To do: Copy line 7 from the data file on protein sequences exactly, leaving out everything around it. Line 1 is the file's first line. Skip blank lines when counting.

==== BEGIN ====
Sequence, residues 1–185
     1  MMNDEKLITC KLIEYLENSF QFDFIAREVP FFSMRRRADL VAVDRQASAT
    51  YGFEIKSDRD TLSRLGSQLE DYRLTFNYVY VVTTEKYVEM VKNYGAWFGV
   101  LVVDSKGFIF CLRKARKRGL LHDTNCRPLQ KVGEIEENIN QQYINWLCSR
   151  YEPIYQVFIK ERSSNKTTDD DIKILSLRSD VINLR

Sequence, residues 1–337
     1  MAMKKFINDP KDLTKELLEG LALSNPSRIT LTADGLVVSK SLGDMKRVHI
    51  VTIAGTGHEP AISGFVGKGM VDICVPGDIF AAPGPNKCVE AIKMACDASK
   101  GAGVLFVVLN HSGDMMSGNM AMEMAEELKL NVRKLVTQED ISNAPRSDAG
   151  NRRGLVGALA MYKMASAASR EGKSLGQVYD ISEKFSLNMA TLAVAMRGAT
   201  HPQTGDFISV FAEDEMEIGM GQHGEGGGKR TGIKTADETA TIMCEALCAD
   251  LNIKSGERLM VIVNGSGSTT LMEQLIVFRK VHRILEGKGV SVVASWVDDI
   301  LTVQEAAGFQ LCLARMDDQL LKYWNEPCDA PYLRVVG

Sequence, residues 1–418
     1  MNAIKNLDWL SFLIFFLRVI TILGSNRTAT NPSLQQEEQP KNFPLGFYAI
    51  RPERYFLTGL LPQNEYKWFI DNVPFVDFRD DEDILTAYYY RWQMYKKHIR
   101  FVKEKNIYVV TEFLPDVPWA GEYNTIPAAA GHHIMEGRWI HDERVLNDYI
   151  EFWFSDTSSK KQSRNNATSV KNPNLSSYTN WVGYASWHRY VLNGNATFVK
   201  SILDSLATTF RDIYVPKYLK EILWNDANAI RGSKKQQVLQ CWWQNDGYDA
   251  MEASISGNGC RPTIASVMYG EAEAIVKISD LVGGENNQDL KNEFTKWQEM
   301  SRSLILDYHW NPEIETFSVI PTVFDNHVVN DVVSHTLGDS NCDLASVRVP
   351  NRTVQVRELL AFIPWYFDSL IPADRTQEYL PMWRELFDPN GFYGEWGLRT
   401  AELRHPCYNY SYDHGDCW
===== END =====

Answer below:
     1  MAMKKFINDP KDLTKELLEG LALSNPSRIT LTADGLVVSK SLGDMKRVHI